In my search for spectacular views around Sydney, I have obviously come to South Head and a comparison is dawning on me… Which one of Sydney’s seven Headlands is the most spectacular? After Middle Head and North Head, I am taking you on a tour of Watsons Bay and will try and answer a most important question: Is Sydney’s South Head the most spectacular headland?
Watsons Bay is Sydney’s oldest fishing village and still retains a strong coastal and holiday feel. A picturesque village, Watsons Bay is adorned with charming cottages and reputable seafood restaurants. Accessible by bus or by a pleasant ferry ride, visiting Watsons Bay feels like going on a mini-holiday without leaving town.
Watsons Bay is the ideal spot for a long lunch or a few cocktails with friends. Enjoy the picturesque views over Sydney Harbour and the Sydney skyline.
I feel like I’m holidaying when I visit Watsons Bay. Many of the cottages in soft colours render a holiday feel, I find it hard to believe that we are in the metropolitan area!
After a walk through the quiet streets of Watsons Bay, you get to Laings Point (or Green Point), and Camp Cove. The water is crystal clear and you can peacefully listen to the ripples of water crashing gently on the yellow sand. Sydney South Head is very diverse, with a mix of village feel and beach vibe.
For a little bit of history, the location of the anti-submarine boom net designed to protect Sydney Harbour during WWII is still visible. South Head has fewer military buildings than Middle and North Head, despite recommendations for reinforcements during the 19th century. However, the Australian Army currently still has a strong presence on South Head.
South Head Heritage Trail
Just after Camp Cove begins the South Head Heritage Trail. The 1870’s cobblestone tracks snakes past Lady Bay, one of Sydney’s naturist beaches and around the headland to Hornby Lighthouse.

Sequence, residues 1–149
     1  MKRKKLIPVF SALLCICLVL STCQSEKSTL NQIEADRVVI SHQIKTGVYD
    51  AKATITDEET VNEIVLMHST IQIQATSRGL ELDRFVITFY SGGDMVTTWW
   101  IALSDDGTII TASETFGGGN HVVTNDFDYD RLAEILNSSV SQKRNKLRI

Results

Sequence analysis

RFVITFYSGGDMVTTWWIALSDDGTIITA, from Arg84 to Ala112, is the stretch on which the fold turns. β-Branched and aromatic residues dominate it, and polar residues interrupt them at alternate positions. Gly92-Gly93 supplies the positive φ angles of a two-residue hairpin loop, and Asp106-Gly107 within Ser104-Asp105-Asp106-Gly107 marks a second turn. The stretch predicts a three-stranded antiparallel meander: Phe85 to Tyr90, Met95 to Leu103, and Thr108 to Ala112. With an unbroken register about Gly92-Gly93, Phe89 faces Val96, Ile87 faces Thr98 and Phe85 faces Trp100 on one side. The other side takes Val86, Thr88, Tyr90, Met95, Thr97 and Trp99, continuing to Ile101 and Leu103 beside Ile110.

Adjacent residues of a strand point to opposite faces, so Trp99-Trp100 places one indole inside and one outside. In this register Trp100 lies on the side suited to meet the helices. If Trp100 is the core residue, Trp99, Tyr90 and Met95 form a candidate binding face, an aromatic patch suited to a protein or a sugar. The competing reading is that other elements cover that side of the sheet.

Beyond the cobblestones, you get to the plateau of Sydney South Head, open to towards North Head and Middle Head. You are at the point of entry of Sydney Harbour, and it is absolutely grandiose.
Hornby Lighthouse was built in 1858, following the wrecking of the Dunbar. Only the third lighthouse to be built in New South Wales, it is easily recognisable with its red and white stripes.
The Gap is a striking ocean cliff overlooking Watsons Bay, offering breathtaking views over the Tasman Sea as well as the Sydney skyline. It is a popular tourist attraction and the path can get quite busy. The Gap is also known for the Dunbar shipwreck in 1857, and nowadays, as a suicide spot. Because of this, the coastal walk is dotted with security cameras and suicide hotline posters. It is a sad thing that a place of such beauty would still attract people to their deaths, however, there is a heartwarming story: a local resident named Don Ritchie saved around 160 people by simply engaging them in conversation. This earned him the nickname “Angel of the Gap” and he was awarded the Medal of the Order of Australia. Don Ritchie passed away in 2012 and his watchful presence seems to have been replaced by barriers and cameras.
In spite of its dramatic history and relative ambient sadness, The Gap is absolutely worth a visit. It is rugged and dramatic, and its various shapes and colours make for fantastic photo opportunities. Standing at a point of view between the Tasman Sea and Sydney Harbour gives a very good idea of how dramatic the coastal landscape is.
This is why I consider Sydney South Head to be the most beautiful and most spectacular headland. The views are diverse and iconic. You need to brave the crowds, especially on a beautiful sunny day but I managed some uninterrupted views.
If you have enough time, I recommend continuing the path along the coast to Dover Heights. The headland is a great picnic spot and much quieter than The Gap.
Is South Head the Most Beautiful Sydney Headland?
After exploring Middle Head and North Head, this is a worthwhile comparison. All Sydney headlands are beautiful, including West Head in Sydney’s North. They’re all different from one another but I have to admit, Sydney South Head is the most spectacular. The narrow headland, squeezed between the Tasman Sea and Port Jackson, alongside Watsons Bay, offers stunning views. Watsons Bay has a great range of relaxed cafes and seafood restaurants. I wouldn’t rule out Middle Head and North Head but if you must choose due to time constraints, hop on the ferry and spend a day wandering around the beautiful sights.
There are many different ways of looking at Sydney. Here are a few posts on what to look for:
Have you visited Watsons Bay and South Head in Sydney? Is it the most beautiful Sydney headland for you? Please let me know in the comments below.